A house, a garden, are not places: they spin, they come and go. Their apparitions open another space in space, another time in time. (...) A garden is not a place. Down a path of reddish sand, we enter a drop of water, drink green clarities from its center, we climb the spiral of hours to the tip of the day, descent to the last burning of its ember. Mumbling river, the garden flows through the night.
A tale of two gardens, Octavio Paz
Conducting Bodies establishes a dialogue between the work of Rebecca Ackroyd and Maya Deren to explore the shifting temporal interrelations of bodies and landscapes and reflect on body ecologies and inter-subjectivity beyond the human.
For her first exhibition in Paris, London-based artist Rebecca Ackroyd (b. 1987, UK) presents a new large-scale installation and a series of drawings. Ackroyd repurposes floral bedsheets and a walk-in polytunnel, a structure typically used for controlled gardening, creating an immersive environment suspended between daydreaming and reality. Visual echoes of domestic life, 60s counterculture, and imagined nature infuse the present with a feeling from another time, opening for reflections on social identity and processes of growth.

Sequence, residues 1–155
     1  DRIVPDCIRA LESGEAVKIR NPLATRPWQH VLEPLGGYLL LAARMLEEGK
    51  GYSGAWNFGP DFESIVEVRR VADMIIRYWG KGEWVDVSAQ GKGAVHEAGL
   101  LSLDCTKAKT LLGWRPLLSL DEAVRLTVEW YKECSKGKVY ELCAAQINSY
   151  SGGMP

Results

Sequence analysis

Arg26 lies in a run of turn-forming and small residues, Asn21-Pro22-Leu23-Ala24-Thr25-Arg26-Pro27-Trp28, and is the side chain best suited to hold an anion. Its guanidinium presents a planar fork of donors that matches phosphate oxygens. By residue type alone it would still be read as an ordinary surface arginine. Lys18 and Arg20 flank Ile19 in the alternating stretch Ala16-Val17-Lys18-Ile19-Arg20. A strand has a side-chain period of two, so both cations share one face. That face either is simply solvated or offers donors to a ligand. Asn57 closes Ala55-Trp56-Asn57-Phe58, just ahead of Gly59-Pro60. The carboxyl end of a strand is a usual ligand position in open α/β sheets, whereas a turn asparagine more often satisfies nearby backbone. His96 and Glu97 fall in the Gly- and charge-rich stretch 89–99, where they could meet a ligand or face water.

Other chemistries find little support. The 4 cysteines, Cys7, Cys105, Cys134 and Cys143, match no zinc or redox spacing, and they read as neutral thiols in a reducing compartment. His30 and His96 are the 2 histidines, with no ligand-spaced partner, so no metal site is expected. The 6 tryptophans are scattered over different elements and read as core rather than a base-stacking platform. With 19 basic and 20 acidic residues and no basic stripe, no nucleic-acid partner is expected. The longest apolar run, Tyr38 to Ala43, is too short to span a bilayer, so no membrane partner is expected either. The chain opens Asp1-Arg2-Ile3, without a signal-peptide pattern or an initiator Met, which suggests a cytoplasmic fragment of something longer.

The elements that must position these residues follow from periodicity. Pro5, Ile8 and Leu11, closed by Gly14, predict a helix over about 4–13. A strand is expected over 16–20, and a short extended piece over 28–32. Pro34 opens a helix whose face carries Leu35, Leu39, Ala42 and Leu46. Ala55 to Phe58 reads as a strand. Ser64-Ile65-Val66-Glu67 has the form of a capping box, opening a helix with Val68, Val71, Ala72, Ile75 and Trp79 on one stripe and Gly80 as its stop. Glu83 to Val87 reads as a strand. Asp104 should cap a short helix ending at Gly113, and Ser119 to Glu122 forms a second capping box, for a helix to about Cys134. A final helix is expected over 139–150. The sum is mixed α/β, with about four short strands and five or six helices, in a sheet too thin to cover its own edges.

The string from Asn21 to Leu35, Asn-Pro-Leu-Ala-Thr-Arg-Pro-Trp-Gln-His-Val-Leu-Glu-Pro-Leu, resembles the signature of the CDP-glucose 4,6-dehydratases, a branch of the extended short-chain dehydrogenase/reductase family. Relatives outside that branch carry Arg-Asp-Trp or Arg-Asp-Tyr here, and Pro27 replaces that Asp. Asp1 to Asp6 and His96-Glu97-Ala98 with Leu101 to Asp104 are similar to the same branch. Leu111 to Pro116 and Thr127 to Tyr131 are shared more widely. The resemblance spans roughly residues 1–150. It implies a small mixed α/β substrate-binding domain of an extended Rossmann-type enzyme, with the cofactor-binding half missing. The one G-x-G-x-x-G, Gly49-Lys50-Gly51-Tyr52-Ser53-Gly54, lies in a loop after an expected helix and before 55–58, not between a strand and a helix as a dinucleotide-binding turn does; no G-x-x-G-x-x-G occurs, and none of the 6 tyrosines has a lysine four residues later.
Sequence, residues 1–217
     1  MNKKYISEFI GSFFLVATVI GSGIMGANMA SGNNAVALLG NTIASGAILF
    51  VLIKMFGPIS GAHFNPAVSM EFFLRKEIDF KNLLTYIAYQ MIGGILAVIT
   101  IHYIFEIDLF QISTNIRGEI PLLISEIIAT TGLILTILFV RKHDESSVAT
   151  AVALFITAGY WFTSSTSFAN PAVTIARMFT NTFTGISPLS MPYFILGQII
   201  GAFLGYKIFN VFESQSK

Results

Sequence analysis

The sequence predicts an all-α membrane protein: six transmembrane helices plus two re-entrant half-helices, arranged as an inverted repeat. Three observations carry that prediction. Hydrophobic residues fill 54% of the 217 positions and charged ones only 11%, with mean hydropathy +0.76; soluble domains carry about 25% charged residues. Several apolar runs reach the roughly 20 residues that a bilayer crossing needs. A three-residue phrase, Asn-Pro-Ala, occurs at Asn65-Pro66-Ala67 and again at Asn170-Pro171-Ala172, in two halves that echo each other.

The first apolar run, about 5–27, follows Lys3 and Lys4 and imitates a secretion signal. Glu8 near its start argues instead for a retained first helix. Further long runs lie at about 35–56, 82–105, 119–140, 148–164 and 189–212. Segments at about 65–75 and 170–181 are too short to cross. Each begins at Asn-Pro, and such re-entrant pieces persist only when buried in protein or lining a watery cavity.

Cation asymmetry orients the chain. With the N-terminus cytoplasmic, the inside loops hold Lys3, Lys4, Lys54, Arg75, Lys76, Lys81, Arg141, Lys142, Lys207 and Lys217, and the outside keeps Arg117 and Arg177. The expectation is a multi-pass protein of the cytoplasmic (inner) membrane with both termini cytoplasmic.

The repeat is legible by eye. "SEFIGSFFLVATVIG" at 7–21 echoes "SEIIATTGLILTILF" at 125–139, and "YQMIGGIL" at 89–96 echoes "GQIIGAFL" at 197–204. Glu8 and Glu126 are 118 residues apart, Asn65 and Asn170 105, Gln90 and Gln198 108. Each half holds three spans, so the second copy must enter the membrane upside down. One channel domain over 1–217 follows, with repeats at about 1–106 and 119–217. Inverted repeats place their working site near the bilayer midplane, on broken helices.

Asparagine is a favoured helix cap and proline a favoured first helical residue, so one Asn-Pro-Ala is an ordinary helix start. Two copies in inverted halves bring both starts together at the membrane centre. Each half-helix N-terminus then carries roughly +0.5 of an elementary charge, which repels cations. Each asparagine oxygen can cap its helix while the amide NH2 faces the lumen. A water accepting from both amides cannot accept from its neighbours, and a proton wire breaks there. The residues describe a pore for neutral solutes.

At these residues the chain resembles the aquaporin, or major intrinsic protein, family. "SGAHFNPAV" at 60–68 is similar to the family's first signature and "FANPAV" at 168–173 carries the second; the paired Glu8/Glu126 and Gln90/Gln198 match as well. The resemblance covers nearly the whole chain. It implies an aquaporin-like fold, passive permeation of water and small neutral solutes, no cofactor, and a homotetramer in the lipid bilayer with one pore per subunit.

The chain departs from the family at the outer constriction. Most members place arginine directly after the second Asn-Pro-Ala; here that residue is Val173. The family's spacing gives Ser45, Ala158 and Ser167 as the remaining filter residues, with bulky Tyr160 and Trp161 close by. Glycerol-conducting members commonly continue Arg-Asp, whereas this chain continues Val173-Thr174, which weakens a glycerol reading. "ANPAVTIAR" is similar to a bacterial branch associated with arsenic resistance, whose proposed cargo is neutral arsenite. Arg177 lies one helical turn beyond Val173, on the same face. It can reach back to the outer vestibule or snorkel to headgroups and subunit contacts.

Maya Deren’s experimental film At Land (1944) features Deren herself (b. 1917, UA - d. 1961, USA) as a woman washed up on a beach. Deren cuts from the seashore to a dinner party, through foliage and interiors, and back on the beach. The camera follows Deren’s movements, almost merging with her body, while her image is caught in a web of fragmented events, all connected by the search for a chess pawn. Taking on an environmental psychology approach, the film externalises the hidden dynamics of individual formation, focusing on social rituals and the human body’s place in nature.
The artists share an interest in everyday symbolism and imagination and evoke through non-linear narratives the interlacing between different life-forms and environments. Conducting Bodies proposes an imaginative ‘wood wide web’ perspective, to rethink the physicality of socio-ecological networks; a journey through time, oniric sensitivity and fragmented selves that may conduce to hidden paths or lost ones to rediscover.